However, there was a downside of sorts to the event. “I now really have no desire to drive my car in traffic or on everyday city streets—it just seems pointless,” says Nevin. “Track time is addicting. I can’t wait to do it again.”
Tom drives three to four track days a year. He began more than 10 years ago with his 348 Spider, and has moved up through an F355 Spider and an F430 Spider to his current 430 Scuderia. This was his first time in a 458, and he liked it.
“I was extremely impressed with the Italia,” he says. “Its combination of speed, handling and control set a new benchmark for anything I have driven, including the Scuderia.”
Tom was also impressed with the circuit. “The track was extraordinary, with its mountain setting and unique combination of turns and elevation and camber changes,” he notes. “This is my new favorite track—sorry, Road America.”
Despite his prior track experience, Tom enjoyed the Basic course. “The instructors were very knowledgeable and excellent communicators,” he says. “My only qualifier is that experienced drivers may want to do the Advanced course to best match up with their experience level.”
Edward, a track novice who owns a 599 and a 458, was the only Basic participant who also attended the subsequent Advanced course. “It was better than I expected,” he explains. “There was more time spent driving because the class was smaller, and there were higher expectations of driving skill, longer lap sessions and data acquisition and analysis.”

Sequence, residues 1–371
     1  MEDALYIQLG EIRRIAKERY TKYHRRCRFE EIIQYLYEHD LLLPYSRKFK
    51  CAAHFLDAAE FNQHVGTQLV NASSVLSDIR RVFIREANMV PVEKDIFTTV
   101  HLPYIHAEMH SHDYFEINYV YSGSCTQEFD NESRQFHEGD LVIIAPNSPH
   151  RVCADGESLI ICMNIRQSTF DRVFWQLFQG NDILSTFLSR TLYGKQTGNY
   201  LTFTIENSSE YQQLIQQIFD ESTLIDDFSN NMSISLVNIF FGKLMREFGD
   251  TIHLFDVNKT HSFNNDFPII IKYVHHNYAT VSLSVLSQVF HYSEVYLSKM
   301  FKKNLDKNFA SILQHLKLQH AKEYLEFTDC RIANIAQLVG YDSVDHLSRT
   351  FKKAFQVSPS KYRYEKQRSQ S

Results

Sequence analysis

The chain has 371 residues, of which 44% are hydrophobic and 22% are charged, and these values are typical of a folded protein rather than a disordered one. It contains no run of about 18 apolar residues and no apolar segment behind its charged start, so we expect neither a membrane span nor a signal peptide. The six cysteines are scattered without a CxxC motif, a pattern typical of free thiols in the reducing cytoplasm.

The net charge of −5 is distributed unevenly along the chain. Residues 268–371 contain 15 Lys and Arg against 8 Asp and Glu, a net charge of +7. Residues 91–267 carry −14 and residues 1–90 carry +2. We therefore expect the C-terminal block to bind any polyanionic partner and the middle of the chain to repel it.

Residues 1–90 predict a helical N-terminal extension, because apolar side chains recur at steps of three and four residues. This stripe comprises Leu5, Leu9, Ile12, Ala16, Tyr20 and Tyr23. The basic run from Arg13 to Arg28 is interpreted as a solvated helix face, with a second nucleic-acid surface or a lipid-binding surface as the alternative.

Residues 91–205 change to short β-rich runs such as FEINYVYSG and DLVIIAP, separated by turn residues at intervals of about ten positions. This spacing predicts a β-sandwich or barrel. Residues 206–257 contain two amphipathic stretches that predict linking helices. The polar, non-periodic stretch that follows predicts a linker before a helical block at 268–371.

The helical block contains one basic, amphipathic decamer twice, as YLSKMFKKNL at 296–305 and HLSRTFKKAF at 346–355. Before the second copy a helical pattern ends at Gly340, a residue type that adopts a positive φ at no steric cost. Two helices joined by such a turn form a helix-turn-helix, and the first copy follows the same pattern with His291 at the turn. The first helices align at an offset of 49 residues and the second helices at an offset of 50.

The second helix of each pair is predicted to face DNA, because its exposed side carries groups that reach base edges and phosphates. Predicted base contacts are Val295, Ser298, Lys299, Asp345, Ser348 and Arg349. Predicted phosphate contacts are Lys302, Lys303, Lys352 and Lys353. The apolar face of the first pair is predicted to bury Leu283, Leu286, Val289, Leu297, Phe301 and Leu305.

As with the Basic course, Advanced didn’t offer the opportunity to go flat-out solo, but Edward didn’t really mind. “The instructor cars go arbitrarily fast over multiple laps and their feedback was very useful,” he says.
“I got a lot of very specific feedback—both positive and negative—based on their observation of my driving and when they could speed up or had to slow down to pace me. Also, I got a lot of help from data acquisition. The traces do not lie, and seeing them change between laps was very helpful; it had a dramatic effect on my lap times.
“It’s also key to highlight the quality of the instructors,” he concludes. “The diversity of their approaches to the track was also interesting. Some were better than others at feedback, particularly when leading me, but all had something helpful.”
None of the participants I talked with had any complaints beyond a few wistful laments: “I would have enjoyed the opportunity to do more full-circuit lapping beyond our last half day,” says Tom. In addition, all of them thought the course was worth the price—a significant endorsement since each two-day event costs around $10,000.
What do participants get for their money? In addition to the track time and instructors, the event includes two nights of lodging at a local boutique hotel and meals. The biggest draw, though, is the cars. Unless you go to Maranello and attend one of the Corso Pilota schools, the Ferrari Driving Experience is the best place around to learn the driving ropes in a new Ferrari.